When Avatar: The Last Airbender creators Bryan Konietzko and Michael Dante DiMartino first announced Legend of Korra—a sequel series set 70 or so years after the events of their beloved original show—they certainly were subjected to no shortage of high expectations. And despite a few bumps in the road here and there, Legend of Korra more than met these expectations, crafting a relentlessly engaging series of stories that married the whimsy and imagination of Hayao Miyazaki with the kind of complex political intrigue one might find in a typical episode of Game of Thrones. Moreover, the show also gave us an incredible female protagonist in the form of its titular character—a kickass teenage girl who must save the world, all the while going through that all-too-familiar adolescent journey to discover her own inner self.
Originally slated as a 12-episode miniseries, Korra’s reception garnered it an additional three more seasons. Unfortunately, all good things must come to an end, and last Friday marked the conclusion of Legend of Korra’s fourth and final year. In celebration of this all too underrated masterpiece of television, here is a very subjective list of the best the show had to offer. ?
11. “When Extremes Meet” (Book One)
“When Extremes Meet” may not be the most sophisticated of Korra stories, nor is it the most action-packed. What it does represent—for me, at least—is the moment the show properly clicked into place. After the first half of the season was spent mostly focused on the team’s pro-bending sports career, and the soap-opera-worthy love (rectangle?) between Korra, Mako, Asami and Bolin, this episode really dives into the meat of the central story as well as the political complications it brings about. Naturally, in a world divided into those with powers and those without, the benders run the risk of using their abilities to rule over the non-benders. When the not-so-benevolent Tarrlok ends up ordering the arrest of a group of non-bending protestors, Korra finds herself in the middle of a delicate situation. While they certainly must sniff out potential threats to the government, where does one step over the line into civil rights violations? Add in the revelation that Tarrlok has mastered the seemingly illegal skill of blood-bending, and the whole episode presents one hell of a curve in the direction of the show.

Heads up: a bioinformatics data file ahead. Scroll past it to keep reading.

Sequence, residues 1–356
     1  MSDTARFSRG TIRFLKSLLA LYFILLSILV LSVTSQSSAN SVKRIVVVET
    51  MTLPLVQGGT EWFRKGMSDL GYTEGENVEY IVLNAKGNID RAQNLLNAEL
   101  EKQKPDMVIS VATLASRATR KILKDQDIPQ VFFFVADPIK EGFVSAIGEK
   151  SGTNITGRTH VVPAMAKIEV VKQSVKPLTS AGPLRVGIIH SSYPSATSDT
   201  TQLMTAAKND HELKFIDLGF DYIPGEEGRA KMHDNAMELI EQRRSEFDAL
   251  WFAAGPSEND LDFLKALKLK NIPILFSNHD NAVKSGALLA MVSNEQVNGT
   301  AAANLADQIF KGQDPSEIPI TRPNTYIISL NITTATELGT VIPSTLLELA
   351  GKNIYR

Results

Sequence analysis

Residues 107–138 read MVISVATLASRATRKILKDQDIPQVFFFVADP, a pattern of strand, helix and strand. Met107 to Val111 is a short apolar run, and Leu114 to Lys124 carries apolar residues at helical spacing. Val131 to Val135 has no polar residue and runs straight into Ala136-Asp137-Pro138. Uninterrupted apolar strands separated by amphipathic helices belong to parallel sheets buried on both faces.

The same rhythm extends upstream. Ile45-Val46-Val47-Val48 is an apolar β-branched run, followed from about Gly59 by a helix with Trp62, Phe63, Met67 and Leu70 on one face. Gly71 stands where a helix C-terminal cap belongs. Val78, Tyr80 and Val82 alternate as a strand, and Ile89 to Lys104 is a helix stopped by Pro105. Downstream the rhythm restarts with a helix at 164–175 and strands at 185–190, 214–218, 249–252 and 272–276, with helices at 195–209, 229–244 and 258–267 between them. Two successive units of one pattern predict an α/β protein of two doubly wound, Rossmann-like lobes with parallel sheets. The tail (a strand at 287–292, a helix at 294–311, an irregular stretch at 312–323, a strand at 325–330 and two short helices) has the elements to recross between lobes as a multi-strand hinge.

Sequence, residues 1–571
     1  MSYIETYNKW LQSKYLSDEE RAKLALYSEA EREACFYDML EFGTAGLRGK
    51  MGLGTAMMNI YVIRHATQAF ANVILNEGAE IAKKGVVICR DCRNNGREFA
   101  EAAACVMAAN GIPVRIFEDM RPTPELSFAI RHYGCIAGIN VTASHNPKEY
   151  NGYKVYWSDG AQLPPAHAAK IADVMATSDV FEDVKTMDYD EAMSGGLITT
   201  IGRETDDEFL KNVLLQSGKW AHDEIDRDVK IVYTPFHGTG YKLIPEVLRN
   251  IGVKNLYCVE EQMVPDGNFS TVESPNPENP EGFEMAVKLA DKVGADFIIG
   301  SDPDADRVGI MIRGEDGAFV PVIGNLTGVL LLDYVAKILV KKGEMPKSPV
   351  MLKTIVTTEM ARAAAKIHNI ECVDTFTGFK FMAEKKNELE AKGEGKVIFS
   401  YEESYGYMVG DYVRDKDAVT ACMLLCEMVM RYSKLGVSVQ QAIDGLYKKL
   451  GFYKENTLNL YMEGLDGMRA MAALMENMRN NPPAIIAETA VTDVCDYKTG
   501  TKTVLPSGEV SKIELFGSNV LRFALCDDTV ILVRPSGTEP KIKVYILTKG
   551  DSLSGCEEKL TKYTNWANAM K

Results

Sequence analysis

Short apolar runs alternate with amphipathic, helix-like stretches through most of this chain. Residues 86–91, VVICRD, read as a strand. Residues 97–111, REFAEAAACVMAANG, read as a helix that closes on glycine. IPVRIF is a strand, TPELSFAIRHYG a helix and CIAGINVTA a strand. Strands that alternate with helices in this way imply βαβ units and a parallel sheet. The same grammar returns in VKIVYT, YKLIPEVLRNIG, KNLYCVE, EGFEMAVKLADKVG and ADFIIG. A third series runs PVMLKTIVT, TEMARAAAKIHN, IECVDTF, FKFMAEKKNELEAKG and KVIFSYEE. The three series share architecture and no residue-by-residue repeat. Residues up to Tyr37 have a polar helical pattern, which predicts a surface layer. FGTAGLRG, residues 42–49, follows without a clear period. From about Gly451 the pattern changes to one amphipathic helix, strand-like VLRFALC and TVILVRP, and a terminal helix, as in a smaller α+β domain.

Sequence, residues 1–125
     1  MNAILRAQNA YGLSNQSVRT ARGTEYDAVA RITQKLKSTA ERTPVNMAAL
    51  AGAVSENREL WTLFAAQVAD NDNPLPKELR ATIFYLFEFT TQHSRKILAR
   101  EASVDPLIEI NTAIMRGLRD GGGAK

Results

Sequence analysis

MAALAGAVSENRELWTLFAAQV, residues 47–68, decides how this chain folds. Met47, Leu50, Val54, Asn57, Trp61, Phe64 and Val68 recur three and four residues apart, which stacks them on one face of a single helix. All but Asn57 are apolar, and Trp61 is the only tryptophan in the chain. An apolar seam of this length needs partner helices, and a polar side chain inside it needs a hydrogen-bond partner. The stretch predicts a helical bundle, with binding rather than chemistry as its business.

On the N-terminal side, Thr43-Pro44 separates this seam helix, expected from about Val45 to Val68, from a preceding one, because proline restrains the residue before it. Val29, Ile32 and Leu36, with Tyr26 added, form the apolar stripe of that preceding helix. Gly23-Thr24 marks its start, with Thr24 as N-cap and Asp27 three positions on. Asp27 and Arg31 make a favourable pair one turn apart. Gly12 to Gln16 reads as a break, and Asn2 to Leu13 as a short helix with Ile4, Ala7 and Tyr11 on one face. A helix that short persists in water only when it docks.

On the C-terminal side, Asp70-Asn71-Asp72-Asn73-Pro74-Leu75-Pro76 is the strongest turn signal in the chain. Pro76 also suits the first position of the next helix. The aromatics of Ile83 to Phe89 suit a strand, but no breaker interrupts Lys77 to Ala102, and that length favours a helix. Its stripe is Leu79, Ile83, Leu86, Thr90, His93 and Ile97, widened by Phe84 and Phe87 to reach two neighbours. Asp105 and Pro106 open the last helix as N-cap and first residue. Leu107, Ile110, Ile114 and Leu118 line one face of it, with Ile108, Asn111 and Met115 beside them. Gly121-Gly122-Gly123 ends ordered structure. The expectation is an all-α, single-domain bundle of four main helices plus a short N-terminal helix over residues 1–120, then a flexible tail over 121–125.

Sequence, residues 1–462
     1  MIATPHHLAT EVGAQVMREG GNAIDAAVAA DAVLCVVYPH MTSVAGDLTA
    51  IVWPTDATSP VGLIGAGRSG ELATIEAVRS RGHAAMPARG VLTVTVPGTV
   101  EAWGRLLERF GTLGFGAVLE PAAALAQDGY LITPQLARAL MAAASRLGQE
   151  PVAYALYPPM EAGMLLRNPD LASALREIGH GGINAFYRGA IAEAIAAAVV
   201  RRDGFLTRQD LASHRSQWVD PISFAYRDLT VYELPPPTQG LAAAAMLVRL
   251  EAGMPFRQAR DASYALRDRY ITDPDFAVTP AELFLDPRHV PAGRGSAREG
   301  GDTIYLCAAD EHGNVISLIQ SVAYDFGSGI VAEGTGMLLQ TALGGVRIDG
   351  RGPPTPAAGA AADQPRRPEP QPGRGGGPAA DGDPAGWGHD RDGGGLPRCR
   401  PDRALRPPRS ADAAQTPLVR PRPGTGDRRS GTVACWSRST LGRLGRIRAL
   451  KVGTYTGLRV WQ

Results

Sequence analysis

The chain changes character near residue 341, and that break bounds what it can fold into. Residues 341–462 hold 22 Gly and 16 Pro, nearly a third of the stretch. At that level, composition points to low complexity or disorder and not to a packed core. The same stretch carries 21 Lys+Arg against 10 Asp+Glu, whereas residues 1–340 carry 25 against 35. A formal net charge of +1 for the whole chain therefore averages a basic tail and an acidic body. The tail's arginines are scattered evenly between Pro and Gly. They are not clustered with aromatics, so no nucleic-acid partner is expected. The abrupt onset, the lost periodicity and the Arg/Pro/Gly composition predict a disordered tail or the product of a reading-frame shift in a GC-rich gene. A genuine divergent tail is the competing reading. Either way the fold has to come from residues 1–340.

10. “Darkness Falls/Light in the Dark” (Book Two)
Out of the first three Korra season finales, “Darkness Falls/Light in the Dark” stands as, by far, the most problematic. But, dear God, if it isn’t ambitious. After the season’s (quite dull) villain Unalaq ends up melding with the evil spirit Vaatu to become a Dark Avatar, all hope seems to be lost. Not only that, the leveled-up antagonist manages to almost completely demolish the good spirit Raava, thus severing Korra’s connection with past Avatars. In response, Korra harnesses some major internal mumbo-jumbo, and grows into a giant, blue version of herself. Yes, the amount of deus ex machina in this story is utterly absurd—even by Korra standards. Yet, between boasting some of the most jaw-dropping, creative animation of the series, and ending the wobbly Season Two on a truly epic note, this two-parter more than earns a spot on the list.
9. “Old Wounds” (Book Three)